A BOSTON borough councillor is to address an influential all-party committee at the House of Commons investigating immigration.
Councillor Paul Kenny, chairman of Boston Borough Council's task and finish group looking at the impact of population change, has been invited by MP Jack Dromey, chairman of the All-Party Parliamentary Group on Migration, to join the conference – Immigration to the regions: how do we ensure that no-one is left behind? – at the House of Commons today, Wednesday, January 23.
It will look at how immigration to the UK over the past decade has had diverse and substantial effects on communities and economies across the UK and how the debate about the regional effects of migration is often undermined by the lack of clear information indicating the benefits and costs of migration for the UK's countries and regions.
Councillor Kenny said he would tell the committee about some of the key recommendations which came from the task and finish group. He added: "I want to discuss the Government's new alcohol strategy and how some of the issues around alcohol affect Boston, namely the need to stop drinking on our streets and to have greater local powers to restrict the number of off-licensed premises in any one area. Also to discuss issues including licensing of HMOs in Boston, concerns about losing powers within the gangmasters' licensing system, employment issues such as zero hour contracts, employment agencies which are solely dominated by one nationality, licensing of foreign vehicles on our roads and adequate funding for the growing population that Boston is experiencing."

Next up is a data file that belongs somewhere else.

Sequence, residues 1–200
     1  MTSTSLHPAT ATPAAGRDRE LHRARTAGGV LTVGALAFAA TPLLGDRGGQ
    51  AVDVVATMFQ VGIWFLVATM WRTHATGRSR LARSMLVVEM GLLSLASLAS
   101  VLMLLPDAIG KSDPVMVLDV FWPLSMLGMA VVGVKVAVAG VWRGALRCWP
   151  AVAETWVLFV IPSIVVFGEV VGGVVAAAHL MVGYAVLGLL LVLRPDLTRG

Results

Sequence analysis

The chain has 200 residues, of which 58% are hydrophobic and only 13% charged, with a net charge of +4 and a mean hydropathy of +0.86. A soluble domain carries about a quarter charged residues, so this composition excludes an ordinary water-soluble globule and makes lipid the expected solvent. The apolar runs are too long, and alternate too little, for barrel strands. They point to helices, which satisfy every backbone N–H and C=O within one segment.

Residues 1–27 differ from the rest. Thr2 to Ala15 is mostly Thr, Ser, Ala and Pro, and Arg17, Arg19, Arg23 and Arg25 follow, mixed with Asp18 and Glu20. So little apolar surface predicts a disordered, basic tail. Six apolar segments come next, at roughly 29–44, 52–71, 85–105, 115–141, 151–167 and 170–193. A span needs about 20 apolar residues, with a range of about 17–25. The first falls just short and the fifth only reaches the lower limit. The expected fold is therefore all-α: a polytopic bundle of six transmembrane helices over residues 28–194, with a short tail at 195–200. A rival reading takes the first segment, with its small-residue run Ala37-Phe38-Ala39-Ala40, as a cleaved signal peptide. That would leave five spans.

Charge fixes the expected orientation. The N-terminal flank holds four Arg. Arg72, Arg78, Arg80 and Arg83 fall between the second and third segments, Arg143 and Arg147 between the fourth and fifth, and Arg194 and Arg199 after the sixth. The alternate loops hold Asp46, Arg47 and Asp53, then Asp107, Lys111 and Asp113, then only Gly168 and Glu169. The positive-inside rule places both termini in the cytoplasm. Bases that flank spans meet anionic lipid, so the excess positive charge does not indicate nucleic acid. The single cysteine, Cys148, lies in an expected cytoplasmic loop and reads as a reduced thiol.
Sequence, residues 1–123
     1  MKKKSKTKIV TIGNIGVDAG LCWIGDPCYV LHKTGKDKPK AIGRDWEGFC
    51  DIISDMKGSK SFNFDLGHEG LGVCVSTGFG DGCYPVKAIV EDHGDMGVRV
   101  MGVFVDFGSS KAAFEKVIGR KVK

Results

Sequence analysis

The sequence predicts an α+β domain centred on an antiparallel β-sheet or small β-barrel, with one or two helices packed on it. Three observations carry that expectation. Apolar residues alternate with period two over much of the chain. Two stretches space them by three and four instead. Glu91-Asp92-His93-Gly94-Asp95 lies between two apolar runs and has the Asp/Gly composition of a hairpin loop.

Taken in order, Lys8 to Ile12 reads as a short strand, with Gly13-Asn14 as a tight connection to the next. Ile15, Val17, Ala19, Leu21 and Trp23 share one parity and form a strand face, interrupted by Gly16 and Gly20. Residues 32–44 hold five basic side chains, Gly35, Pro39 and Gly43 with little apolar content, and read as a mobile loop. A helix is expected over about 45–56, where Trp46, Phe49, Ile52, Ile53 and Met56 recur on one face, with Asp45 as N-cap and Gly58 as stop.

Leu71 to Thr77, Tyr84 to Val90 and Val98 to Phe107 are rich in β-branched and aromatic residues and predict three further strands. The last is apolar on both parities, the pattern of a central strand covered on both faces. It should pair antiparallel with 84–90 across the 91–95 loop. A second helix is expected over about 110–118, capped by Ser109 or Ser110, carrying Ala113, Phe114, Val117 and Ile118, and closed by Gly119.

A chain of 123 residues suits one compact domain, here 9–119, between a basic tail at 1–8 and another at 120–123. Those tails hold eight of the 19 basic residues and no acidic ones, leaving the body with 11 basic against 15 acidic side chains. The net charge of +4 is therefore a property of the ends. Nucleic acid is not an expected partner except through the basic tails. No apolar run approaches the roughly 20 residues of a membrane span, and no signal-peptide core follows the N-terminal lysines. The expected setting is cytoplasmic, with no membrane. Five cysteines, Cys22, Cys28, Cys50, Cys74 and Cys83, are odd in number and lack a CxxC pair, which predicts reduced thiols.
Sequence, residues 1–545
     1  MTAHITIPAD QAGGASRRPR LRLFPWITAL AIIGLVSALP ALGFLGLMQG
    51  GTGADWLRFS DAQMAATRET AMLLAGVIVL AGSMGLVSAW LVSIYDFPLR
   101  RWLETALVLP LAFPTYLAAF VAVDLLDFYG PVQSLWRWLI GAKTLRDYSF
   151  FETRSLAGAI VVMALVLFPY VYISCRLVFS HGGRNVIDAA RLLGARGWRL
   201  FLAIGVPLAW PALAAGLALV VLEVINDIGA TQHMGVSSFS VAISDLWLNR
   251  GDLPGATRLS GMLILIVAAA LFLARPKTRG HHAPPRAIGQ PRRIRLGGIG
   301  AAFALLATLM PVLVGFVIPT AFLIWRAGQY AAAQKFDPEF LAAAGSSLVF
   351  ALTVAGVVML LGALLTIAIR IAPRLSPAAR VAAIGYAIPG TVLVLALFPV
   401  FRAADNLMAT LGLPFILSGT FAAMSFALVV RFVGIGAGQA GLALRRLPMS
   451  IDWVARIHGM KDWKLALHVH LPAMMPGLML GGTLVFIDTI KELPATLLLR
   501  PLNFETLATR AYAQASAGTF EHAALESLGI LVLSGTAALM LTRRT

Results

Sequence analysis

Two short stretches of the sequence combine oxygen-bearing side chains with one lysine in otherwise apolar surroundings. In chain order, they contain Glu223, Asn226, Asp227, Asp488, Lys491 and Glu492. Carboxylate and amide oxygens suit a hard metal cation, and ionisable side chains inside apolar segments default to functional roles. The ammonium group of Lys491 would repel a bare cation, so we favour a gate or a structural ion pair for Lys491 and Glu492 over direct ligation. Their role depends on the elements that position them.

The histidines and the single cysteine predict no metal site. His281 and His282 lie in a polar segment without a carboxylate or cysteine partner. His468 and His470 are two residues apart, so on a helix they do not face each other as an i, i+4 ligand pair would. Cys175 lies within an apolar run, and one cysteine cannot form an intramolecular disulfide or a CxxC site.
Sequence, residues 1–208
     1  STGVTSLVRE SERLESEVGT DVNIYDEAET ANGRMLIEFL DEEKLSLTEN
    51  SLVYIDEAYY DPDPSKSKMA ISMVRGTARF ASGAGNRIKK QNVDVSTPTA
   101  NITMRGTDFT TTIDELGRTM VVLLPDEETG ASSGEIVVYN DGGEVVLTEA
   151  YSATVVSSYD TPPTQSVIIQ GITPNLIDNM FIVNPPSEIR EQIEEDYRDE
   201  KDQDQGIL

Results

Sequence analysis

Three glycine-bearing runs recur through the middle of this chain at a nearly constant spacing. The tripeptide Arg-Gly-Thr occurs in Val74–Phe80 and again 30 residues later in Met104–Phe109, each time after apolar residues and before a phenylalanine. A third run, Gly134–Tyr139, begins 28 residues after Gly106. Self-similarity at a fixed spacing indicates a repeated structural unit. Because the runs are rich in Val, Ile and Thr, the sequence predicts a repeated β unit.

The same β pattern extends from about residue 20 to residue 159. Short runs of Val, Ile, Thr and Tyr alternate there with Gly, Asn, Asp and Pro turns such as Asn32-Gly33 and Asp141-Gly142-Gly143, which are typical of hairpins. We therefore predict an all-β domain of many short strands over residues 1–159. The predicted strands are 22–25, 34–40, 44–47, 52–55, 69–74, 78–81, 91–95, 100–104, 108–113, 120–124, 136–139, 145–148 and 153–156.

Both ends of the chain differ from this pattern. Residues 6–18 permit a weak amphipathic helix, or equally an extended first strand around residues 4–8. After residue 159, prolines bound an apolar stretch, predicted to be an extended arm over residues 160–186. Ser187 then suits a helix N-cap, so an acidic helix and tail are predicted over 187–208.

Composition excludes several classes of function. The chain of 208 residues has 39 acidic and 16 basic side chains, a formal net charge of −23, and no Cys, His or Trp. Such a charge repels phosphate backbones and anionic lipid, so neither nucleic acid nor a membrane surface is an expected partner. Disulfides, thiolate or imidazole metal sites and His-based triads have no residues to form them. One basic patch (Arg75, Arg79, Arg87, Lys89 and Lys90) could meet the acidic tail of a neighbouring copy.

The council's in-depth population change report has been sent to Government and a number of influential national bodies and contains 28 recommendations arrived at after evidence was taken from the police, employers, educators, the press, other councils in Lincolnshire, the MP, council enforcement and health departments and experts on migration and population change. The Census has already shown that Boston has had one of the highest percentage increases in population in the country – now officially 64,600, up from the 55,800 recorded by the 2001 census, and a 15.8 per cent increase.